UN committee says WA government’s botched handling of Aboriginal heritage could be racial discrimination convention breach: ABC

ABC Kimberley / By Rosanne Maloney

The UN Committee has written to the Australian government regarding a potential breach of the international racial discrimination convention.(United Nations FlagsanjitbakshiCC BY-ND 2.0)
  • In short: A UN committee has found the Australian and WA governments potentially breached racial discrimination convention over Aboriginal heritage issues.
  • The committee says the breach involved the state government’s handling of Aboriginal cultural heritage laws and existing “weak” legislation.
  • What’s next? The committee is calling on the government to outline what steps it will take to address the issues identified.

A United Nations committee has accused Australia of breaching international racial discrimination conventions over failed changes to Western Australia’s Aboriginal heritage laws.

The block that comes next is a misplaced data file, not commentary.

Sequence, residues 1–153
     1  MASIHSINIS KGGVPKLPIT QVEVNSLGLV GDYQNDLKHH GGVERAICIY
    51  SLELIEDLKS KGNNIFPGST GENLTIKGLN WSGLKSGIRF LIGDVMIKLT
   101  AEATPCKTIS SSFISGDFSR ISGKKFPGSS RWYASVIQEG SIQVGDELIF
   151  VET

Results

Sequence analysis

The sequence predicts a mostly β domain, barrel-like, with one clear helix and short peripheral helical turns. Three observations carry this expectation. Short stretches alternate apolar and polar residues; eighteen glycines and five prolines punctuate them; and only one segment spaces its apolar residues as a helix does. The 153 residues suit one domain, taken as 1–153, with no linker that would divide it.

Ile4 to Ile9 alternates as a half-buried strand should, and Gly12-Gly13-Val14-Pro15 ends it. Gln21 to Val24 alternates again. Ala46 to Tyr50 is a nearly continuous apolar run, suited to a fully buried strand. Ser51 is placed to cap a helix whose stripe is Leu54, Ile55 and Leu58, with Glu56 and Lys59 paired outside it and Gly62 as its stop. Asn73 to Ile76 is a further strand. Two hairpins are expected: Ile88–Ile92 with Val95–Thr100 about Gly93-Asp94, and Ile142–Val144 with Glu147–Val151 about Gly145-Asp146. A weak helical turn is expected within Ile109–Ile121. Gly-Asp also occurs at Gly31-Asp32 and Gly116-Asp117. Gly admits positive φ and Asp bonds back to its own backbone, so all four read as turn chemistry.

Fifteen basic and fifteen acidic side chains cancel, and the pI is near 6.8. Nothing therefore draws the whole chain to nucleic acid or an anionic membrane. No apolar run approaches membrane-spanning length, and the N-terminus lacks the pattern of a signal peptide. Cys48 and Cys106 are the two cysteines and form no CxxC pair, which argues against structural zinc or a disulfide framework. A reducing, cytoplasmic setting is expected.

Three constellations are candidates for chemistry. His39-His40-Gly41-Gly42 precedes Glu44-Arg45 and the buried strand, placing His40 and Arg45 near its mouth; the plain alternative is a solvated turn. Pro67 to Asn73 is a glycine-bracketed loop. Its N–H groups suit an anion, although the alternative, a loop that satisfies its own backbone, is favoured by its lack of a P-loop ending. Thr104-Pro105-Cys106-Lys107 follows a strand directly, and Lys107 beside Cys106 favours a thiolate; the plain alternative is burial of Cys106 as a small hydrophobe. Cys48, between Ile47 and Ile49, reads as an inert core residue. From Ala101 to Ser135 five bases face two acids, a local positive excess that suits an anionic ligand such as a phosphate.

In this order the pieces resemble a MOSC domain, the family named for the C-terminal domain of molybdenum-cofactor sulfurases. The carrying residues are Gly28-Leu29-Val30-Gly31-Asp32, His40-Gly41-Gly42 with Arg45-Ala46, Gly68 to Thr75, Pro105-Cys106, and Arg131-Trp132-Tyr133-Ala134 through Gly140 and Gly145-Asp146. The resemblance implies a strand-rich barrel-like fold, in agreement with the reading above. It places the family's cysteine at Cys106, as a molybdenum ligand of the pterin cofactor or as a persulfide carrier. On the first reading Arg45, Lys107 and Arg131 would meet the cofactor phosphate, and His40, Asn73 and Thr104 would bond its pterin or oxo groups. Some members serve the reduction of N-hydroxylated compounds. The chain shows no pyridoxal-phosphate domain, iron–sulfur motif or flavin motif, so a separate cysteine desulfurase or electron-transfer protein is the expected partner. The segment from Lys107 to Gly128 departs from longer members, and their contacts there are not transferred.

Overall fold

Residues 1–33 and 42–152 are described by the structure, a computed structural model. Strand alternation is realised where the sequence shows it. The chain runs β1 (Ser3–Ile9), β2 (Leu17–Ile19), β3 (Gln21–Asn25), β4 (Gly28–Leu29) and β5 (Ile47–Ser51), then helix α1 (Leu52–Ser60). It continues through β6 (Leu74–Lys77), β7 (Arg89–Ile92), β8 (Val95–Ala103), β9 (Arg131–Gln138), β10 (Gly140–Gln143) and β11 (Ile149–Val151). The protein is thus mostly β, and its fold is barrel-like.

The accusations have been laid under the UN Committee on the Elimination of Racial Discrimination (CERD), citing the lack of consultation with Aboriginal people through the process, and weak existing legislation.

In August last year, the WA government controversially reversed the state’s 2021 Aboriginal Cultural Heritage Act to the 1972 Act legislation with some adjustments, after just five weeks in operation.

The laws were reversed after heavy criticism from the agricultural and pastoral sectors, who described the laws as confusing and effectively unworkable, arguing the vague wording could leave farmers and small businesses liable for heavy penalties for inadvertent breaches.

The state opposition also took up the campaign against the changes, despite previously waving them through parliament unopposed.

With early campaigning for the failed Voice to Parliament referendum taking place simultaneously, the botched rollout was repeatedly cited as a factor in the No campaign’s strong performance in WA.

The decision drew scathing criticism from Indigenous people, who said there was little-to-no consultation, sparking calls for the Commonwealth government to intervene.

Prominent Indigenous Australians asked the UN’s CERD to look into the legislation and the committee has now written to the Australian government to respond to its accusations.